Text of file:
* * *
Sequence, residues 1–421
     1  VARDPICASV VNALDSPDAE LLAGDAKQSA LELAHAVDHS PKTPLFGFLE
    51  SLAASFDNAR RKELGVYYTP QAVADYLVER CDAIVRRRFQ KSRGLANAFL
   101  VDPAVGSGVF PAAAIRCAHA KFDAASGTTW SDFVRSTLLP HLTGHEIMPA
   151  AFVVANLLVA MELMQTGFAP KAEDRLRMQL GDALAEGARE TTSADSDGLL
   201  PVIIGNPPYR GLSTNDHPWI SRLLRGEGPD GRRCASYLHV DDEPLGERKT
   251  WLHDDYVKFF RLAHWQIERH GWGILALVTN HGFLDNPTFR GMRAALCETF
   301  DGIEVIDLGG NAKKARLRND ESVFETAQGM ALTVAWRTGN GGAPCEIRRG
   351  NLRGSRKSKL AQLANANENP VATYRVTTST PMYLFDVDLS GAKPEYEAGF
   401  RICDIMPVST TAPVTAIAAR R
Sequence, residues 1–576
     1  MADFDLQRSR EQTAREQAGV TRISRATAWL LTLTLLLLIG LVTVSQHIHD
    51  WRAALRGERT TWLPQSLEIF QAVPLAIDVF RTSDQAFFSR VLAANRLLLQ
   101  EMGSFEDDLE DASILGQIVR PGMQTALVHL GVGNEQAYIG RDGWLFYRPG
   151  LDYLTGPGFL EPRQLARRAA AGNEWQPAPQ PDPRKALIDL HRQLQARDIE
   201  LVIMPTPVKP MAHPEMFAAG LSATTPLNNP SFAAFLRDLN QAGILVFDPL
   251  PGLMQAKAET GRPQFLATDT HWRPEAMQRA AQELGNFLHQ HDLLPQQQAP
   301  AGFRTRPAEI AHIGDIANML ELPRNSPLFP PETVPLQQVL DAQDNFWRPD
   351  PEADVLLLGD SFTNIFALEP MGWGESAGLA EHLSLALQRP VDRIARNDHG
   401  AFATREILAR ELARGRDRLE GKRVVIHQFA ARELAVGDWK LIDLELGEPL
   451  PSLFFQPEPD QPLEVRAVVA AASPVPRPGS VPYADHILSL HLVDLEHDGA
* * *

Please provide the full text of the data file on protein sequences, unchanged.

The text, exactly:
Sequence, residues 1–421
     1  VARDPICASV VNALDSPDAE LLAGDAKQSA LELAHAVDHS PKTPLFGFLE
    51  SLAASFDNAR RKELGVYYTP QAVADYLVER CDAIVRRRFQ KSRGLANAFL
   101  VDPAVGSGVF PAAAIRCAHA KFDAASGTTW SDFVRSTLLP HLTGHEIMPA
   151  AFVVANLLVA MELMQTGFAP KAEDRLRMQL GDALAEGARE TTSADSDGLL
   201  PVIIGNPPYR GLSTNDHPWI SRLLRGEGPD GRRCASYLHV DDEPLGERKT
   251  WLHDDYVKFF RLAHWQIERH GWGILALVTN HGFLDNPTFR GMRAALCETF
   301  DGIEVIDLGG NAKKARLRND ESVFETAQGM ALTVAWRTGN GGAPCEIRRG
   351  NLRGSRKSKL AQLANANENP VATYRVTTST PMYLFDVDLS GAKPEYEAGF
   401  RICDIMPVST TAPVTAIAAR R
Sequence, residues 1–576
     1  MADFDLQRSR EQTAREQAGV TRISRATAWL LTLTLLLLIG LVTVSQHIHD
    51  WRAALRGERT TWLPQSLEIF QAVPLAIDVF RTSDQAFFSR VLAANRLLLQ
   101  EMGSFEDDLE DASILGQIVR PGMQTALVHL GVGNEQAYIG RDGWLFYRPG
   151  LDYLTGPGFL EPRQLARRAA AGNEWQPAPQ PDPRKALIDL HRQLQARDIE
   201  LVIMPTPVKP MAHPEMFAAG LSATTPLNNP SFAAFLRDLN QAGILVFDPL
   251  PGLMQAKAET GRPQFLATDT HWRPEAMQRA AQELGNFLHQ HDLLPQQQAP
   301  AGFRTRPAEI AHIGDIANML ELPRNSPLFP PETVPLQQVL DAQDNFWRPD
   351  PEADVLLLGD SFTNIFALEP MGWGESAGLA EHLSLALQRP VDRIARNDHG
   401  AFATREILAR ELARGRDRLE GKRVVIHQFA ARELAVGDWK LIDLELGEPL
   451  PSLFFQPEPD QPLEVRAVVA AASPVPRPGS VPYADHILSL HLVDLEHDGA